Spotlight on Band-Aid

Article by: Zaineen Karim

On February 4th, performers at Band-Aid worked their hardest to bring us an astounding evening to remember. The show had everything: today’s top hits, ballads about being lonely, cool jazz numbers, trumpet solos, saxophone solos, Grease, an adorable singing six-year old, throwbacks to several decades, a guy who wore an afro, skilled dancers, choir members trying (and succeeding) to be dancers, and of course setting a great example of the Bearcat spirit as all the proceeds went to service partners working with Tri-M.

The performers truly put in their best effort to make Band-Aid happen. Anne S., a junior and a member of show-choir, faced the challenge of juggling the IB and rehearsals for the show. “As a junior in the IB program, it isn’t easy to manage all activities outside of classes. I try to overcome this challenge by pushing myself to finish everything by the due date. I also tried to organize my schedule to fit practice and work throughout the week” she says.

“Prior to the show, the most difficult task was learning the actual songs and working together with the other classes, Jazz Band and Advanced Dance. For example, if the singers messed up, it would affect the dancers and cause a delay for everyone at rehearsals. Once all of that was sorted out, stage fright played a significant role during the performance,” Anne said. She and all the other performers did, however, manage to overcome those challenges and put on a great show. Show Choir, Jazz Band, and Advanced Dance worked together flawlessly and demonstrated remarkable coordination and teamwork.

Each number was accompanied by enthusiasm, showmanship and fabulous costumes. Elise M., a junior who watched the show, was very impressed with the whole event. “One of the highlights of the show was the faculty band which I thought did very well. They played a large range of songs and they did it well,” she says.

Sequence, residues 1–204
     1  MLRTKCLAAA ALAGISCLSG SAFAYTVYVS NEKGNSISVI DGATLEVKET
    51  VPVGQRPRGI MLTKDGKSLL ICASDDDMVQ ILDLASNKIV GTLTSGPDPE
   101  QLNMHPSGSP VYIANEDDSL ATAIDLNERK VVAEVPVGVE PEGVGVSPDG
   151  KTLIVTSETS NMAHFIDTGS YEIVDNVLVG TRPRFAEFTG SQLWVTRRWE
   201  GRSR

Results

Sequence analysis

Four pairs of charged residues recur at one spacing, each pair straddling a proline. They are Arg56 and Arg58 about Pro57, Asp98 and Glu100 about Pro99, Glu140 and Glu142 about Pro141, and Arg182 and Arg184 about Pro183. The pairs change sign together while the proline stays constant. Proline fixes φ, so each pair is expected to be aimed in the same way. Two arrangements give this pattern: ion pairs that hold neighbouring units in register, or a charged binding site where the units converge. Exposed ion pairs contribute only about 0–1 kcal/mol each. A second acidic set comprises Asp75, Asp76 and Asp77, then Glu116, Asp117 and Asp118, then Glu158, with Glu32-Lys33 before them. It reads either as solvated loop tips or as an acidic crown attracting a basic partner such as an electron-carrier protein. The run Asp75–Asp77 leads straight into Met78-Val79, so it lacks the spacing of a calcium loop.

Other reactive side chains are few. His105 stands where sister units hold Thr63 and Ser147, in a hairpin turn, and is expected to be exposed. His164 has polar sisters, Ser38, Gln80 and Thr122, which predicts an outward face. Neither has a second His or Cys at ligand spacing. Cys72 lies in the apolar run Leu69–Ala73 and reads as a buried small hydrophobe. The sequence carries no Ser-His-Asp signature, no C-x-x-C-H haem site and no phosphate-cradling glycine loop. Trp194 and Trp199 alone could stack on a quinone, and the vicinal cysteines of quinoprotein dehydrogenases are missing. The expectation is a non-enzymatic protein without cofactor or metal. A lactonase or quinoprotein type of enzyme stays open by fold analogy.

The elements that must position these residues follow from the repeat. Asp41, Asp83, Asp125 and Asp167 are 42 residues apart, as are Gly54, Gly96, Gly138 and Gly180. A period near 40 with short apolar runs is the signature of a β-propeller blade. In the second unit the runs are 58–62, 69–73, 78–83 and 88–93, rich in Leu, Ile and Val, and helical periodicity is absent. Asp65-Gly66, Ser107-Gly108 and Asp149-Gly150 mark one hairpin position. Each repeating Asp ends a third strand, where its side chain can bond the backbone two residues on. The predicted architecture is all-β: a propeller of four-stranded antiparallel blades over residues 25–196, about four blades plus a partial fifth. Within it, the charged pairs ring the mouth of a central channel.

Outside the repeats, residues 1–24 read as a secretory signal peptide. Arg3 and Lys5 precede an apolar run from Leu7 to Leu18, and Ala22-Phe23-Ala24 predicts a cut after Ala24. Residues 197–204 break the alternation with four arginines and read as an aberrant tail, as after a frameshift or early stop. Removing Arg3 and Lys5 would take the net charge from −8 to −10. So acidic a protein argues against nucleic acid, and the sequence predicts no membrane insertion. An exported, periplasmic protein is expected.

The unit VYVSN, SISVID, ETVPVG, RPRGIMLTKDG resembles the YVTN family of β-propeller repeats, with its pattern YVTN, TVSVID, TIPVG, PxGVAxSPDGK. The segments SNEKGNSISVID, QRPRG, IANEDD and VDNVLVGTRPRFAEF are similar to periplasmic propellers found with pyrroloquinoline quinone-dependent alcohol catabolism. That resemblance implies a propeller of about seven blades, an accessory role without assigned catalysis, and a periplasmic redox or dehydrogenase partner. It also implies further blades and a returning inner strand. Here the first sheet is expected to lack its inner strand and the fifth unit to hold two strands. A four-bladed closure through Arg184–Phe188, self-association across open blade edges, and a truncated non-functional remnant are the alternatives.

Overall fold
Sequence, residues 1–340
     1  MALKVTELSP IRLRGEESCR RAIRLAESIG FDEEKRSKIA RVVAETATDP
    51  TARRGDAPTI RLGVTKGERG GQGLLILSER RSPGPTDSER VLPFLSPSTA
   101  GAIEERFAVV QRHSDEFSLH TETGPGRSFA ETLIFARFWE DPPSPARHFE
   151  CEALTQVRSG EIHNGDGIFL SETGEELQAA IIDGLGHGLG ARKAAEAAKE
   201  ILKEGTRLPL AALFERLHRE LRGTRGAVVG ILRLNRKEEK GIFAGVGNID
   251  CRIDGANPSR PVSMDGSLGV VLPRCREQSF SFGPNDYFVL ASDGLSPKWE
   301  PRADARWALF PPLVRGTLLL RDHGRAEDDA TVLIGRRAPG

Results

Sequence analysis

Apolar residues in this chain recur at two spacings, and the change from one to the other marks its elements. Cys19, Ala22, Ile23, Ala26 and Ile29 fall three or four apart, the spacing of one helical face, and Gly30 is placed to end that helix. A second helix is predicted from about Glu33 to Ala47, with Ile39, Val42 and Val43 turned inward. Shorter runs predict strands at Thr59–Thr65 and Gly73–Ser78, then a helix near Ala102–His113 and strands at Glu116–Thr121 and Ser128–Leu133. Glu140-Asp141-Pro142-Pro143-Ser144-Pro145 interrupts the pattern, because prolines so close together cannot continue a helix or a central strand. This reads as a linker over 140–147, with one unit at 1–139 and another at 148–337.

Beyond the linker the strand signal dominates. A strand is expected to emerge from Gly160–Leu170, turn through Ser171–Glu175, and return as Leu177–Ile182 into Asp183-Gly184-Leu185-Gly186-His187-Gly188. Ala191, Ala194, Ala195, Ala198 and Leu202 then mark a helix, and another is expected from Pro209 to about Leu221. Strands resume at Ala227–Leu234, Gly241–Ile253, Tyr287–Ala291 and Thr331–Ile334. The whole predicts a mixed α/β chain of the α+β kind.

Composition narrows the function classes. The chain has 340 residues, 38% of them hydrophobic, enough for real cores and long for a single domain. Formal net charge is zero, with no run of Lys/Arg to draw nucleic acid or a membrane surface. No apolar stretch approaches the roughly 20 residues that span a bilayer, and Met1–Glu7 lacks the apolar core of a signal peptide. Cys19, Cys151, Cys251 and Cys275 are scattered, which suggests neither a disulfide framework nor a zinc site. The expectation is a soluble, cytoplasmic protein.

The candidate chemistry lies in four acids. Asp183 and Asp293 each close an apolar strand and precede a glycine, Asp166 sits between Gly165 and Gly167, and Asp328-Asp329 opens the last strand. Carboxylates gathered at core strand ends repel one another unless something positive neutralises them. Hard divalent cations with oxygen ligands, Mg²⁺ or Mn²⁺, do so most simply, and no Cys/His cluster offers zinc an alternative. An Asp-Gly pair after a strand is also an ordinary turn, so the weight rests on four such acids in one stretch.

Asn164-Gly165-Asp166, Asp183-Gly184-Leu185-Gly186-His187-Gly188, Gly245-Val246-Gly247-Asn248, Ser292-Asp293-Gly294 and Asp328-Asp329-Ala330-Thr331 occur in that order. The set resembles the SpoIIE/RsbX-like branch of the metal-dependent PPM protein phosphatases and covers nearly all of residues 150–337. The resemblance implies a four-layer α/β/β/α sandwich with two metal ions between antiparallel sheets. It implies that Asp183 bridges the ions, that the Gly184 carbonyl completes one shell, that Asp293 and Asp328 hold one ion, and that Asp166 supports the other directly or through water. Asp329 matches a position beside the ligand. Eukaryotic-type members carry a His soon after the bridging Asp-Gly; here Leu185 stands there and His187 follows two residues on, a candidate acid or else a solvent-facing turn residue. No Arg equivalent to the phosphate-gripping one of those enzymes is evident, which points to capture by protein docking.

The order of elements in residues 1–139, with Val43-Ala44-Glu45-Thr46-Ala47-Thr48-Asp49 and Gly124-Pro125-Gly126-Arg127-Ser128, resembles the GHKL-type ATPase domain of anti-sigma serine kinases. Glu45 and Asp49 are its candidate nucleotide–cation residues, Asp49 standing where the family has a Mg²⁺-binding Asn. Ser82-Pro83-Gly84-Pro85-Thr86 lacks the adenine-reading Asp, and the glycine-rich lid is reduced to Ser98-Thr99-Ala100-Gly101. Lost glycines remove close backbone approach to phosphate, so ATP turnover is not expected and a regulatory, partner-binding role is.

The faculty band, titled Monkey Eat Vegetable, dazzled the audience with their eclectic performance, which they put together under a narrow time constraint. “We went for twelve songs in about seven minutes and focused on getting a very quick transition between the songs to keep it moving. Our guitarist was ill so we borrowed one of the seniors on bass, Tim. He was incredibly helpful and picked up the songs really quickly. We managed to get the performance together in just about two or three days,” says Mr. Hill, the drummer for Monkey Eat Vegetable and walking evidence that physics teachers can be cool.

Fun fact: as random as it may seem, the name ‘Monkey Eat Vegetable’ has a story behind it. In Thai, the word for ‘monkey’ is ling, the word for ‘eat’ is kin, and the word for ‘vegetable’ is phak. Put it together and it’s Ling Kin Phak, like Linkin Park.

By the end of the show the audience was asking for more, and sure enough, they were granted one final number. Band-Aid was amazing! Those who missed out this time should definitely check it out next year.